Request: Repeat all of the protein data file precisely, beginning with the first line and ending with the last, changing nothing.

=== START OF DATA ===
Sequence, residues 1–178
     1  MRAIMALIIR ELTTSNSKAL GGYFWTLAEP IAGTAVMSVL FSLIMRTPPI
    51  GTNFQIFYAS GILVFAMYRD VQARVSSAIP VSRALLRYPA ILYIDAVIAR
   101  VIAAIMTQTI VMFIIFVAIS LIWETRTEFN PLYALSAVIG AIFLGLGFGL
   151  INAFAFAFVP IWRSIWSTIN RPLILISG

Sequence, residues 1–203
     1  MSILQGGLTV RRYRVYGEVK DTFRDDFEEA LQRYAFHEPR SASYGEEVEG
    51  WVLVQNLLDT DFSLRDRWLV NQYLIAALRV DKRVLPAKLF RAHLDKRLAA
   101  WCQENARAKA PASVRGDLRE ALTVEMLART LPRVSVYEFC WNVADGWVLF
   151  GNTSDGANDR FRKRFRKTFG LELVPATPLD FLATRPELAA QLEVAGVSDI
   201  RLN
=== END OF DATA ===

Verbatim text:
Sequence, residues 1–178
     1  MRAIMALIIR ELTTSNSKAL GGYFWTLAEP IAGTAVMSVL FSLIMRTPPI
    51  GTNFQIFYAS GILVFAMYRD VQARVSSAIP VSRALLRYPA ILYIDAVIAR
   101  VIAAIMTQTI VMFIIFVAIS LIWETRTEFN PLYALSAVIG AIFLGLGFGL
   151  INAFAFAFVP IWRSIWSTIN RPLILISG

Sequence, residues 1–203
     1  MSILQGGLTV RRYRVYGEVK DTFRDDFEEA LQRYAFHEPR SASYGEEVEG
    51  WVLVQNLLDT DFSLRDRWLV NQYLIAALRV DKRVLPAKLF RAHLDKRLAA
   101  WCQENARAKA PASVRGDLRE ALTVEMLART LPRVSVYEFC WNVADGWVLF
   151  GNTSDGANDR FRKRFRKTFG LELVPATPLD FLATRPELAA QLEVAGVSDI
   201  RLN